The Pikmin games were designed to be played on the GameCube, and as such needed to be simple enough to play with a controller, instead of the more traditional keyboard that the RTS genre had been home to. Along with that, the game had to be simple enough to work on a GameCube, not exactly the most powerful piece of hardware ever made. With these facts in mind, and the knowledge that some players (myself included) would be introduced to real time strategy by this game, it had to be designed with simplicity, while still allowing for a level of difficulty. And so, the game was designed with these limitations in mind, and produced a fantastic experience overall.
But one minor, almost superfluous mechanic in Pikmin has always disturbed and intrigued me to a great degree, a mechanic that tells a whole narrative about the game just through its existence. When you are not close to any pikmin, pressing A causes the main character, the commander of the pikmin, a generally not directly combative being, to punch forward. Let me state that again. The commander, the one being in the game that causes an instant game over if he dies, was deemed in need of an attack that requires him to be within close range of the enemy. The implications of this mechanic frightens me.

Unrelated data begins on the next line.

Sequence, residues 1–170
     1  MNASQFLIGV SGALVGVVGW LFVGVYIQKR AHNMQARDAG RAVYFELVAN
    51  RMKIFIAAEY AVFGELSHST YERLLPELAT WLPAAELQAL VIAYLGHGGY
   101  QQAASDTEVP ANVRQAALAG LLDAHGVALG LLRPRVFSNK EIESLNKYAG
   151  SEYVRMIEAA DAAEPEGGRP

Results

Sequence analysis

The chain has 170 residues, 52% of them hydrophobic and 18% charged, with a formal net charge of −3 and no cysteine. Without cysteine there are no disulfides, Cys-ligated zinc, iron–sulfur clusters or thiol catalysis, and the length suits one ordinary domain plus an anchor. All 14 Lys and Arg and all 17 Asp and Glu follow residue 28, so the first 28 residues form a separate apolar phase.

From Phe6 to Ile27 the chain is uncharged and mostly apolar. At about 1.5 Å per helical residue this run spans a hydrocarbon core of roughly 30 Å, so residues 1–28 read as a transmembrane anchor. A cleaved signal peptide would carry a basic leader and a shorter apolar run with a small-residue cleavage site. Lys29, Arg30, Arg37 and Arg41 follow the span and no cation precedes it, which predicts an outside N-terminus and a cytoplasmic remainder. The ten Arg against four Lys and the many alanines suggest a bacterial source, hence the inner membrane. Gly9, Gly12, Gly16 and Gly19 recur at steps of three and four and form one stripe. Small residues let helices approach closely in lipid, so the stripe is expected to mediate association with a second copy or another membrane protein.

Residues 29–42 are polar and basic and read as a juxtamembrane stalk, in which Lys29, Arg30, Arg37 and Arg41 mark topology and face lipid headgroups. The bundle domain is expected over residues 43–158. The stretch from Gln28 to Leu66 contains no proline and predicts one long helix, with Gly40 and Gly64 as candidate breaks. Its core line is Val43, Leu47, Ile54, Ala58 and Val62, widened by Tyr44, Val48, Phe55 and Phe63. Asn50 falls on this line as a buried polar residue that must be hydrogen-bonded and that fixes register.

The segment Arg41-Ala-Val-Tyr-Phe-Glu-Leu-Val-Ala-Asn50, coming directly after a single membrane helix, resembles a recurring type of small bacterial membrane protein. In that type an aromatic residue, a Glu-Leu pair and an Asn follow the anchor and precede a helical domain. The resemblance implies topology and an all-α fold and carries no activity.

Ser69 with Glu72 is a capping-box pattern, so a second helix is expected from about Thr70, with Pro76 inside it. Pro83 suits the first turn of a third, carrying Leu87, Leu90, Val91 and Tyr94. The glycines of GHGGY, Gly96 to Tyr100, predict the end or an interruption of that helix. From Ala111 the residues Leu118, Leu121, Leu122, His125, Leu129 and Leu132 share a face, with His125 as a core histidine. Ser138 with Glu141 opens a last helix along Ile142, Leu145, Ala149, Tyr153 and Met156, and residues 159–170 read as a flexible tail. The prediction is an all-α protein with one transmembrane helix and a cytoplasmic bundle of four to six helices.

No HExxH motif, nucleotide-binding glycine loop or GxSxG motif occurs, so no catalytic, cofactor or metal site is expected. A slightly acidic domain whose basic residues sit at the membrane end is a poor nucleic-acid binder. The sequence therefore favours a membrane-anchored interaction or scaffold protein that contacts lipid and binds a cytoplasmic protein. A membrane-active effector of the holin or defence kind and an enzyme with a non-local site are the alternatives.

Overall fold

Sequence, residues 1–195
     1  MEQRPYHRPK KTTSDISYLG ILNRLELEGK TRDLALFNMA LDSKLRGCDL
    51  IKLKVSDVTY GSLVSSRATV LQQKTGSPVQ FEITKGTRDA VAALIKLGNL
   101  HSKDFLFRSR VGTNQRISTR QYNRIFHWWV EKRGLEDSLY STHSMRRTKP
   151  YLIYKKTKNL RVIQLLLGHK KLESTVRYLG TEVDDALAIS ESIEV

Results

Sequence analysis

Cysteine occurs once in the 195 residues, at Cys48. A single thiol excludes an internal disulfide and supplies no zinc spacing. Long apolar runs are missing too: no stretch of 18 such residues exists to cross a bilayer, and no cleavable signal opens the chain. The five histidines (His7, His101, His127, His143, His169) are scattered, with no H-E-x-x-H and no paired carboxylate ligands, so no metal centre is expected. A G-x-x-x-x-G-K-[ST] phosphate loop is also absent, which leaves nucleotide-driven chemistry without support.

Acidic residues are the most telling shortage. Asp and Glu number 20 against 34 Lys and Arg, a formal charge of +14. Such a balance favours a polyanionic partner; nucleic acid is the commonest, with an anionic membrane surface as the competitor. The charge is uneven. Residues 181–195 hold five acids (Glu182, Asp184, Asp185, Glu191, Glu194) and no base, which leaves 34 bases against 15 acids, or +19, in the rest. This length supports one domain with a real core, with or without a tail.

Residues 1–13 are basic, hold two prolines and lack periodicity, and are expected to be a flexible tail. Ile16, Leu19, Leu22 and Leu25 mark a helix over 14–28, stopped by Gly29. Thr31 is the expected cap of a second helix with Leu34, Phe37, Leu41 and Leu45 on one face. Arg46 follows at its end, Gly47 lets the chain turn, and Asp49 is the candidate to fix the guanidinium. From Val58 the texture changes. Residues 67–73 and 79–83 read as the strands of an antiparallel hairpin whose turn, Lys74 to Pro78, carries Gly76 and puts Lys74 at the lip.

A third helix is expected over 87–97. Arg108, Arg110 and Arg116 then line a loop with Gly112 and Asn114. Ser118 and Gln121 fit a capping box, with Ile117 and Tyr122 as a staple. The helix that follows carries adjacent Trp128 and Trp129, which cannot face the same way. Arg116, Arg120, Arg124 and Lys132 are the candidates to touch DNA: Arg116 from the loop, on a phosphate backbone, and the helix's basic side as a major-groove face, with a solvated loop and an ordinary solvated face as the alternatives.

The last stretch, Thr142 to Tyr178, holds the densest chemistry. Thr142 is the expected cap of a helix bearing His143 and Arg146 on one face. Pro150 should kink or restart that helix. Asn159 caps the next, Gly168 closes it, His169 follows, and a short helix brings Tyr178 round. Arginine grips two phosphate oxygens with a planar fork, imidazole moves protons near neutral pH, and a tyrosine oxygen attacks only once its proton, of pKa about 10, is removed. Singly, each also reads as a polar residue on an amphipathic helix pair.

The attack on its own is not terribly unusual. When commanding a large group, it may even be expected that the leader could defend himself. But this attack is pathetic. It can barely do the same level of damage that a single red (standard attacking) pikmin can, but this control option is still in the game.
This says a few things about the game, stating that there could be a situation where all the player's pikmin were defeated, and the player would have no choice but to fight the enemy. No choice but to fight, with an attack that is almost useless compared to the army that was defeated by this enemy.
This implication is frightening, even if a situation similar to above rarely happens in the game. Just the IDEA of being on your last man, and him being as useless as the main character is, is genuinely frightening in its own way.